Jesus. I just watched this movie twice in a row, and there are some things about it that are amazing and moving. But a lot of it seems kind of narcissistic and self-serving. It seemed to me like ... he was using the camera lens as a mediation, recording/telling/creating his own life instead of just living it and experiencing it. It seemed that the turning point (from relative innocence and honesty to self-consciousness and falsity) happened around the time that he knew that he was going to make a movie about his family someday. I'm not saying that he always knew that it was going to be distributed and released publicly.....but he did enter it into film festivals, after all.
So it just seems ultimately kind of dishonest to me. He's so aware of the camera, the camera almost becomes a character in the film, and you forget that you're watching a movie that he made himself - it doesn't even seem weird at first, because, after all, we're used to seeing really intimate, wrenching, emotional moments caught on screen...by ACTORS, in movies that don't purport to be true. However, this is supposed to be truth (whatever truth is for him - he was too little to remember any of these events for himself, and his mother's and grandfather's stories are differ strongly in their accounts of the facts of her mental illness, so it seems that with this film he's trying to cobble together some kind of truth for himself) - and yet, the camera is on while he's calling the hospital after his mother's lithium overdose and subsequent coma. WHO DOES THAT? Does that seem like real emotion? Setting up the camera before you make that call so that nothing will be missing from the movie?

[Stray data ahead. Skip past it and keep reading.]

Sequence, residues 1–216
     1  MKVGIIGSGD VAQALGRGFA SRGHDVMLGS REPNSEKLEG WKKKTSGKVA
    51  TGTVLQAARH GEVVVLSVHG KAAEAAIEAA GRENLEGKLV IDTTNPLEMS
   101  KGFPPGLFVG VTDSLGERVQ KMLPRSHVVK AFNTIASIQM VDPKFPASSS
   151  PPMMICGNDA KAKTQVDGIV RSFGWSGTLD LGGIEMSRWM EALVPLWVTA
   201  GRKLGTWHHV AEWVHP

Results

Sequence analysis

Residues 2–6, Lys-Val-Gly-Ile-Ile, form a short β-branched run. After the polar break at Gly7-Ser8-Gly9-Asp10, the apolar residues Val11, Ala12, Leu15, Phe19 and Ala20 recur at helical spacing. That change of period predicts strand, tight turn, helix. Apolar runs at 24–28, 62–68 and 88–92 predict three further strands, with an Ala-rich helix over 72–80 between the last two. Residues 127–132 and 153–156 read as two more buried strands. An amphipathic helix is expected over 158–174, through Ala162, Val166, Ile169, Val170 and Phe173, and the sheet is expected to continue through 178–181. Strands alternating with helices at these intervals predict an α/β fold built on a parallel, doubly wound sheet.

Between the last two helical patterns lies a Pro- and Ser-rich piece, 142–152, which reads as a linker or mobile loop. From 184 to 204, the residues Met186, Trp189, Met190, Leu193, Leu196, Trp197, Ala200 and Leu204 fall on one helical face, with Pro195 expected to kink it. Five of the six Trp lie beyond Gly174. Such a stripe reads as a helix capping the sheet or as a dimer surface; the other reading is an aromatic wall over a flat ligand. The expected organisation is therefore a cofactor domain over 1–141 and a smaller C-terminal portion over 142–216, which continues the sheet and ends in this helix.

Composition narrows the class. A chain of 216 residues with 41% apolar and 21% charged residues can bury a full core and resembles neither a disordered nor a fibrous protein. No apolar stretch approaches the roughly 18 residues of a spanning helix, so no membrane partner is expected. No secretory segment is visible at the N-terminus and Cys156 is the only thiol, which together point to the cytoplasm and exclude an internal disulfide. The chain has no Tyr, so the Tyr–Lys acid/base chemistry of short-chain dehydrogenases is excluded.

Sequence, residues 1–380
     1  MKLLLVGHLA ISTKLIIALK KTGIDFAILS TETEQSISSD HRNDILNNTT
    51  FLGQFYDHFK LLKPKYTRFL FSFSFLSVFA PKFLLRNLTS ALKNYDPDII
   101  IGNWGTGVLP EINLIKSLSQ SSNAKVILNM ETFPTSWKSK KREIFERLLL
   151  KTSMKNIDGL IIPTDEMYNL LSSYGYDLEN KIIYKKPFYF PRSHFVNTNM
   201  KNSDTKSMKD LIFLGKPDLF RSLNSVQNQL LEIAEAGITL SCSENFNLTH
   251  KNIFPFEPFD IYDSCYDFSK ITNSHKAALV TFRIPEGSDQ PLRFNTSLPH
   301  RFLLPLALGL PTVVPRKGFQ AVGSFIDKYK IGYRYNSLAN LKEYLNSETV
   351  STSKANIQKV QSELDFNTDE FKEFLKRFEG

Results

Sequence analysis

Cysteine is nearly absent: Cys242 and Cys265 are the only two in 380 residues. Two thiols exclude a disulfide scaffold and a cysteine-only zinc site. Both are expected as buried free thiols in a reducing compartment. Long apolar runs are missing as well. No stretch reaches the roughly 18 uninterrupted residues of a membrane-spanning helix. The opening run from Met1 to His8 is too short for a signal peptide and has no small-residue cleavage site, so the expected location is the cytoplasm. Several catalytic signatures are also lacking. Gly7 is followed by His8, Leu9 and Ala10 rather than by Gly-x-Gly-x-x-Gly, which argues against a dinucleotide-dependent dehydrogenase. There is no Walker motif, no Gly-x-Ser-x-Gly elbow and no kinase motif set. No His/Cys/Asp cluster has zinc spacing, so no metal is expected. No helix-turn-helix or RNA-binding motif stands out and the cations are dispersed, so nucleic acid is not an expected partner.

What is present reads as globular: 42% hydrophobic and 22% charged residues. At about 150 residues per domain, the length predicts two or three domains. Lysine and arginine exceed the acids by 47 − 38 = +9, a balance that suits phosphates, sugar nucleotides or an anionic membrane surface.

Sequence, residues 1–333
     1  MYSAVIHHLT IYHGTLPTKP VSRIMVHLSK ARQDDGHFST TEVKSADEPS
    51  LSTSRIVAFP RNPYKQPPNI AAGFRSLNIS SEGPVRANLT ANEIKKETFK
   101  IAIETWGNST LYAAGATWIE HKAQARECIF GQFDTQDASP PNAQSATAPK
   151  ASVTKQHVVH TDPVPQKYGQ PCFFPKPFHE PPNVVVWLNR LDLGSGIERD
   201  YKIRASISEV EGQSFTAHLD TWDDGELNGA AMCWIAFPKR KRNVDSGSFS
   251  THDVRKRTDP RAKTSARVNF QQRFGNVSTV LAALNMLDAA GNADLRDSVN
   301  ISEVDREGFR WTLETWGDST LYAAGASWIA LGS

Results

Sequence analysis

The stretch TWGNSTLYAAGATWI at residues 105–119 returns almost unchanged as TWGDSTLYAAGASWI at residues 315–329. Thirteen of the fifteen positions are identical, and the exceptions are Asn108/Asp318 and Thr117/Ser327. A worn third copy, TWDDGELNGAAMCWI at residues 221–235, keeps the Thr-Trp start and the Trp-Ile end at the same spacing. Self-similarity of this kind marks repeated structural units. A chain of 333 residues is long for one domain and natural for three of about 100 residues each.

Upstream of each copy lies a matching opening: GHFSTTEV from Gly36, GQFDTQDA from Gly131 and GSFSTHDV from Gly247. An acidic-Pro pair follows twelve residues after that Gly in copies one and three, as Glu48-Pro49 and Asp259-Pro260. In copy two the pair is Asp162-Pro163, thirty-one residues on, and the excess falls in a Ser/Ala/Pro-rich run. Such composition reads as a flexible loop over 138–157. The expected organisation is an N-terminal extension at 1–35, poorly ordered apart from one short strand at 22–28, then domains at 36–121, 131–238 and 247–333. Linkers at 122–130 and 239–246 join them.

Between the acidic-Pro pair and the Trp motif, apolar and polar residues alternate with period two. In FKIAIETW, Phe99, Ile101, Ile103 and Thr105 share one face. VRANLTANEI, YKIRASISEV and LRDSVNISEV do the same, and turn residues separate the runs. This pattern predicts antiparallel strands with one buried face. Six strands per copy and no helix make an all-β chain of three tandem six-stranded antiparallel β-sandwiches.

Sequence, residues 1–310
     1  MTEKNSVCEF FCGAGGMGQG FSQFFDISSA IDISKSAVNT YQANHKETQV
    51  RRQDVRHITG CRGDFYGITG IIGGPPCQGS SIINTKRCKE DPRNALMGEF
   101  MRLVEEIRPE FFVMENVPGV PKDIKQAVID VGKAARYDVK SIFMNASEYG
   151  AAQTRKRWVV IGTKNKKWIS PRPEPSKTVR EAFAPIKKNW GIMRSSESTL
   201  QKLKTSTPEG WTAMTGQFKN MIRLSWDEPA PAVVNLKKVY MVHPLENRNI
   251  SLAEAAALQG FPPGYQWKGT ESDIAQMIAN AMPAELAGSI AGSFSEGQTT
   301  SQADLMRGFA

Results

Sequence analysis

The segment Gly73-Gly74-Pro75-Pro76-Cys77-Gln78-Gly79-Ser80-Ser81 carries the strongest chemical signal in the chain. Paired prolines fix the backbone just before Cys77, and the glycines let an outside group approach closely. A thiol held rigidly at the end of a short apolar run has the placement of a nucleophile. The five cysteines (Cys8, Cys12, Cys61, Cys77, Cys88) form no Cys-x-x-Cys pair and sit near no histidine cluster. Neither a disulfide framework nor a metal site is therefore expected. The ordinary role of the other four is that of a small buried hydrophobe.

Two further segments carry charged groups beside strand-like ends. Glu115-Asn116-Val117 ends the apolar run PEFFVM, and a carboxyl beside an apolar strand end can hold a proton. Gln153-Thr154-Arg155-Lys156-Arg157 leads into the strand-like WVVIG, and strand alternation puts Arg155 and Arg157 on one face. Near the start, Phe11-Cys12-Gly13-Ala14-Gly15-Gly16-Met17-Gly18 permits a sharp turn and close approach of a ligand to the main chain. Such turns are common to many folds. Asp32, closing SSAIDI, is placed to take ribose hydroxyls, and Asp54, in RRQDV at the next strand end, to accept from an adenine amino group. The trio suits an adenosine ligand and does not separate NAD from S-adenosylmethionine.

Am I just being a stick about privacy or somethin - is this some kind of culturally produced preconception that I hold, that authentic emotions are ones that are usually experienced privately if possible, and that one's genuine pain shouldn't be marketed?